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The Little Mermaid reviews reveal if it’s a worthy successor to the beloved animated film. The Little Mermaid is Disney’s latest attempt at revisiting one if its classics for live-action. Directed by Rob Marshall and starring Halle Bailey, the movie is one of 2023’s most anticipated releases.


Now, reviews have arrived for The Little Mermaid. Check out what some critics are saying below:

Rachel Labonte, Screen Rant

In terms of faithfulness, The Little Mermaid is similar to the remakes of Beauty and the Beast and Aladdin, in that the exact same story is told, albeit with some extra padding and a few new songs. Led by a pitch-perfect Halle Bailey, The Little Mermaid is bolstered by deeper characterization and a grand scope, even as it grapples with awkward visuals and a strangely shallow climax.

Lovia Gyarkye, The Hollywood Reporter

Marshall’s The Little Mermaid resembles a lot of recent Disney offerings: It’s sentimental, at times uneven and padded to weather controversy. There’s a nagging sense of risk-aversion — narratively, at least — and that wariness makes the fun it does have feel sanctioned. Like other live-action remakes, The Little Mermaid is a neatly packaged story ribboned with representational awareness. There’s enough in it to fill an evening, but it doesn’t inspire much more than a passing sense of déjà vu.

Alex Diggins, The Telegraph

It’s the studio’s latest attempt to reimagine its stable of beloved, but troublesome, classics. These rehashes haven’t been altogether successful, ranging from the pleasant but pointless (2016’s The Jungle Book) to the pointless and childhood-scaring – Tim Burton’s dour, steampunk Dumbo being a notable example.

Happily, The Little Mermaid comfortably leaps clear of the lot. It serves as a handsome homage while persuasively making the case as its own discrete entity. This time, Ariel is played by 23-year-old singer Halle Bailey. With five Grammy nominations, she brings an unarguable emotional force to the musical numbers, filling them with blustery yearning. On screen, too, she has genuine star wattage, outshining Jonah Hauer-King’s Prince Eric.

Clarisse Loughrey, Independent

But there’s a real stink of obligation to everything that exists around Bailey and her star-making turn. There are two pretty but inconsequential new ballads, and a rap performed by Awkwafina’s Scuttle that is somehow a real Lin-Manuel Miranda rap and not, from what it sounds like, a parody of one. The animals are all now, of course, photorealistic. It’s odd to think they spent so much money on making Flounder (Jacob Tremblay) look like a real fish when they could have just bought a Big Mouth Billy Bass and achieved the same range of facial expressions.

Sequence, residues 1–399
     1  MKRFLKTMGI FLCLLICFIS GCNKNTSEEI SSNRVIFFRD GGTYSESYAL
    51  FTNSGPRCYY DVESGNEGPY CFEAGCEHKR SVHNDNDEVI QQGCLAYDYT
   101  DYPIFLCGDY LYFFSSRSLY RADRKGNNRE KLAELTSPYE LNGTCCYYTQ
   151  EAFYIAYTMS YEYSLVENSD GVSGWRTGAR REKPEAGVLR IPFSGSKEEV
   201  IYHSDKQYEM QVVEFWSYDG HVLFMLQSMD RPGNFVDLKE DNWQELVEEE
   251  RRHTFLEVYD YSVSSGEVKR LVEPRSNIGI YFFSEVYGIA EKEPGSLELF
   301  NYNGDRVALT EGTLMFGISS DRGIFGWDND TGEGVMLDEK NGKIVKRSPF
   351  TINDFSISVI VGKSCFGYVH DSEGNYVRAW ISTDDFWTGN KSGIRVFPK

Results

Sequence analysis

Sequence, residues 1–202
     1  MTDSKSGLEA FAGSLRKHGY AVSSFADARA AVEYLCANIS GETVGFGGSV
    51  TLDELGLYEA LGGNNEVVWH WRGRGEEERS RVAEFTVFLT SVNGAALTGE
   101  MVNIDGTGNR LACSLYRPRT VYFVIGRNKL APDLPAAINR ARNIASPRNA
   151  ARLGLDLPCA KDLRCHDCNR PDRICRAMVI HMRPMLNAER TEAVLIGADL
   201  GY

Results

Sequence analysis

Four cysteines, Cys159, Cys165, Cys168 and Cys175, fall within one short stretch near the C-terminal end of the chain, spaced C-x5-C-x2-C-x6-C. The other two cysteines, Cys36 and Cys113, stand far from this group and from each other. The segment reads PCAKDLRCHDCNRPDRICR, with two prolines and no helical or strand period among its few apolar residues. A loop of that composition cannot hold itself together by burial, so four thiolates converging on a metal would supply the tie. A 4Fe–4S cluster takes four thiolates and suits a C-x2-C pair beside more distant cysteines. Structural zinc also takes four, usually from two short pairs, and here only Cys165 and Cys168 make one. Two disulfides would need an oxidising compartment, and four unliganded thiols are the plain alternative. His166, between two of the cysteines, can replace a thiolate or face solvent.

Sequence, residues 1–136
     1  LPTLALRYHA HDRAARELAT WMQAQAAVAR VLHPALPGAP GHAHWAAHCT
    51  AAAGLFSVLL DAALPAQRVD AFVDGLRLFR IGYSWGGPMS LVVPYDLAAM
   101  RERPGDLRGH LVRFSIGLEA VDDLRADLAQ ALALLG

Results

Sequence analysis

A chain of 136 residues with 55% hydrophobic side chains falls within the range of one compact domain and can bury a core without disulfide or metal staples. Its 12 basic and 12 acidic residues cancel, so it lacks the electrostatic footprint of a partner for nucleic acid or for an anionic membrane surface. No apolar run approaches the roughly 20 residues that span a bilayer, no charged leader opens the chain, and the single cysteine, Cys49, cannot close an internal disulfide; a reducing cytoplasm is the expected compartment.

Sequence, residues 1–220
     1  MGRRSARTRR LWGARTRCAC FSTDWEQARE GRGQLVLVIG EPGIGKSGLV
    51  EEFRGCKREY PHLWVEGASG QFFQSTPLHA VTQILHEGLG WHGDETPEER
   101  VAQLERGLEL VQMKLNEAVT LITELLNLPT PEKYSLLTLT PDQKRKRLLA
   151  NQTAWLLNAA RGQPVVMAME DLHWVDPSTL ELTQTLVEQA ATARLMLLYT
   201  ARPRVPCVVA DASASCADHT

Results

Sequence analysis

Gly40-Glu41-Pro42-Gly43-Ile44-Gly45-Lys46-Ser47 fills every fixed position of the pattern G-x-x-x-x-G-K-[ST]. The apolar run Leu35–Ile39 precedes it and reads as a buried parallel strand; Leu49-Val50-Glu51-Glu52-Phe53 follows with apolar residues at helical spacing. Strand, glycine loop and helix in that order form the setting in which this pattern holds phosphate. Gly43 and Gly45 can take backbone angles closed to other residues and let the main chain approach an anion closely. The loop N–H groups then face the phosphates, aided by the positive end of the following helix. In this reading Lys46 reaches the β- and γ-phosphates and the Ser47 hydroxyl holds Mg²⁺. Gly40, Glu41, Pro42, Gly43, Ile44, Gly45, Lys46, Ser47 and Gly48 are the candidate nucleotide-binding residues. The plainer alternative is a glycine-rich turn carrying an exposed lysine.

Peter Debruge, Variety

If Bailey is the film’s big discovery, then McCarthy is its no-brainer. Dolled up to look like Divine’s evil-stepsister in her glowing green lair, the comic star’s just delicious as the movie’s deep-sea villain. Her timing is impeccable, and though the part is virtually identical to the one Pat Carroll originated, she aces what’s demanded of these tricky remakes: Basically, McCarthy manages to hit every beat the super fans expect, while surprising with every pause and inflection. Between Bailey’s wide-eyed urchin and McCarthy’s over-the-top octo-hussy, the movie comes alive — not in some zombified form, like re-animated Disney debacles “Dumbo” and “Pinocchio,” but in a way that gives young audiences something magical to identify with, and fresh mermaid dreams to aspire to.

Kate Erbland, IndieWire

So, does it look real? Sometimes, sure, but that’s a strange worry for a story that is — again, again — about mythical sea creatures. Disney’s obsession with turning some of its most beloved properties into live-action offerings simply for, what, the realism? the technology? the money? stumbles into both flashes of brilliance and moments of sheer nonsense (the latter was more of an issue with the studio’s recent “Lion King” remake than in this Marshall joint). That trend will likely continue to be true for the foreseeable future, but until the House of Mouse cracks the real problem at hand, these films will never become classics on their own merit.

That problem: Does it feel real? Not yet, and not even movie star turns and rapping birds and the very best of intentions can bridge that divide. For now, “The Little Mermaid” exists outside of the very world it so wants to be a part of, one already so lovingly rendered in its predecessor, “real” or not.

Source: Various (see above)

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